Without responding directly to the evidence adduced by the Lord, the Jeeva asserts his liberty by pointing out that this is born out of centuries of experience-"Etat cha anAdi siddha anubhava vibhavAt". All our lives, and throughout our innumerable births, little do we realise that our creation, subsistence and end are all the work of a Super Power. We are firm in the belief that we are ourselves responsible for our achievements, and the good life we lead is the result of our own labours, with little owed to anyone for the same. Though this lack of realisation leads us again and again into the vortex of Samsara, we are loath to recognise the truth even if it shines before us. Hence the Jeevatma's assertion that its independence is the result of centuries of "experience".


Patiently continuing the argument, the Lord tells the Jeeva that his so-called experience has been held to be illusory-


"sOpi sAkrOsa Eva".


Refusing to realise the fallacy of his ways, the Jeevatma shoots back," ka AkrOsa:? Kasya?- what possible objection could there be to my independence, and who could possibly object to it?"


The Lord points out that the soul's assertion of independence has been proved to be wrong in Scriptural texts like the Bhagavat Geeta, which also lay down clearly that the individual soul is indeed subservient to the Paramatma." GeetAdishu mama vidita:" replies Sri Namperumal.


In its rejoinder, the Jeevatma points out that the Gita is after all the Lord's own composition, and as such, cannot be expected to say anything contrary to His contention. Hence the Jeeva seeks independent witnesses in support of the Lord's assertion-


"ka: atra sAkshI?'.


Untiringly, the Lord lists out His witnesses, in a vain bid to make the Jeevatma realise its own helplessness-"Sudhee: syAt". Emperuman cites as witnesses great seers and Maharshis like Sage Vyasa (the author of the Brahma Sutras, the editor of the four Vedas, and acclaimed to be a treasure house of penance), Sri Parasara Bhagawan ,( the acclaimed author of Sri Vishnu Purana, the prinicipal among the SAtvika PurANAs) and other great souls.


When the deposition of a prosecution witness is factually indisputable, it is usual for the defence lawyers to attribute motives to the witness, in a bid to discredit him. We have seen this in so many Perry Mason novels. The Jeevatma, similarly confronted with the incontrovertible evidence of great seers like Sri Vyasa, tries to wriggle out of it by questioning their impartiality-"hanta tvat pakshapAtI sa:"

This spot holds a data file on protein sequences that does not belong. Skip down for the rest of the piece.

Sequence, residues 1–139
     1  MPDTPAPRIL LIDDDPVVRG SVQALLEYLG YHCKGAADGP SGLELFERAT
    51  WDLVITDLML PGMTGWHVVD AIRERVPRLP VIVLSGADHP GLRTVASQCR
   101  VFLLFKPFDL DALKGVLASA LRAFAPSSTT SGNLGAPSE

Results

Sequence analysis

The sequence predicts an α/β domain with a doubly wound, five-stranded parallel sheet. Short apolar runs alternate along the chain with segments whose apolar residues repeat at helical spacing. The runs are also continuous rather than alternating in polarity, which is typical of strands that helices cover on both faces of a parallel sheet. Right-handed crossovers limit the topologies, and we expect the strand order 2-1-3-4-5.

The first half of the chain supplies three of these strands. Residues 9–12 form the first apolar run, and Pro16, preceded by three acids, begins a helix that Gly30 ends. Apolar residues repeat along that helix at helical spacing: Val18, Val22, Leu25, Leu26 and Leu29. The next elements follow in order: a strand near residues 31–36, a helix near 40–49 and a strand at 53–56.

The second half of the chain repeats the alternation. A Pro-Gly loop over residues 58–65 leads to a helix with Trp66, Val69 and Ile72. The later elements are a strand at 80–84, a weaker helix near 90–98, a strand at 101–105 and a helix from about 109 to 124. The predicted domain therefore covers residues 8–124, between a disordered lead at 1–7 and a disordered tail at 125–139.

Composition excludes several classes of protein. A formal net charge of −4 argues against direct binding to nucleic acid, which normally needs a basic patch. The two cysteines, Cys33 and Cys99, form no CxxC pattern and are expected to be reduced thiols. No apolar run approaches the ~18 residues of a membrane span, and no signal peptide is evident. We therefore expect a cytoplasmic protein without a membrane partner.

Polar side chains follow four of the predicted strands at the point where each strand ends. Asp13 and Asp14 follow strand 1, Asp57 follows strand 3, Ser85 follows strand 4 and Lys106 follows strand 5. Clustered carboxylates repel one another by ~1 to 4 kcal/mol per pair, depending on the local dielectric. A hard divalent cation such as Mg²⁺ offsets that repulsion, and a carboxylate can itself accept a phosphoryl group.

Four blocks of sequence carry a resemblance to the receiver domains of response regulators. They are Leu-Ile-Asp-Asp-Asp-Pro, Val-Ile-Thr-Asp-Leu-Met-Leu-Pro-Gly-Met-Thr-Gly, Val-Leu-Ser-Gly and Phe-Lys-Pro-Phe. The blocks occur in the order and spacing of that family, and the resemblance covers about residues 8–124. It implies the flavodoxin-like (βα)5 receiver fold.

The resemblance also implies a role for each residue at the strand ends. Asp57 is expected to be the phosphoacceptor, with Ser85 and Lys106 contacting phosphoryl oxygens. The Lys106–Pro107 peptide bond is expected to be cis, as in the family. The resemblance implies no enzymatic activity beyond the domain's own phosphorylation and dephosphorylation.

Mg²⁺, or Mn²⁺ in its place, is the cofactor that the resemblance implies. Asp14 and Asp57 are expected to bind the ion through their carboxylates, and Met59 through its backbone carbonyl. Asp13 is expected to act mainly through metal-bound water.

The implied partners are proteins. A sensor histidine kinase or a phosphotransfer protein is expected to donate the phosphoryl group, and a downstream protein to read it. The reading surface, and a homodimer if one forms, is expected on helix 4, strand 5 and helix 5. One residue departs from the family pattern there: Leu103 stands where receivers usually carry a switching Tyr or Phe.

In a futile bid to convince the Jeevatma of his svarupa and svabhAva, the Lord tries to search for the sort of witness who would be able to convince the unrepentant Jeevatma, and ultimately comes to the conclusion that it is difficult to convince a person, who has made up his mind not to be convinced.


Even at this late stage, and even in the face of the Jeevatma's intransigence and obduracy, the Lord still wants to instil good sense in the Jeevatma and to liberate it from the vicious and miserable cycle of births and deaths it is caught-up in. Though it is unthinkable for the Lord to swear to the truth of His averments, He prepares to do even that. It is paradoxical that the omnipotent Lord, acclaimed as the Ultimate truth itself ("Satyam GnAnam Anantam Brahma") is preparing to take an oath, clad in His wet clothes, with palm raised in solemn affirmation before the ceremonial fire, all in a bid to convince a mere Jeevatma, an insignificant member of His multi-billion-strong creation. This only goes to show the extraordinary lengths the Lord is prepared to go to, to save a single soul, and the demeaning deeds He is prepared to do for "ChEtana lAbha".


Here is the beautiful sloka of Sri Bhattar, in full-


"Tvam mE, aham mE kutastat tadapi kuta:


idam Veda moola pramANAt


Etat cha anAdi siddha anubhava vibhavAt sOpi sAkrOsa Eva


Ka AkrOsa:? Kasya ? GeetAdishu mama vidita: kOtra sAkshI? SudheesyAt


Hanta! tvat pakshapAtI sa: iti nrukalahE mrigya madhyastthavat Tvam"


This sloka has been quoted by many subsequent Acharyas like Swami Desikan, to point out the pitfalls of AhamkAra. This muktaka of Sri Bhattar is of extreme significance, for it highlights the false prestige and illusory independence that the Jeevatma revels in, unmindful of the eternal bliss it is entitled to as the natural servitor of the Lord. The sloka also focuses on the extraordinary efforts Emperuman takes to ensure that not even a single soul misses its rightful place in Paradise.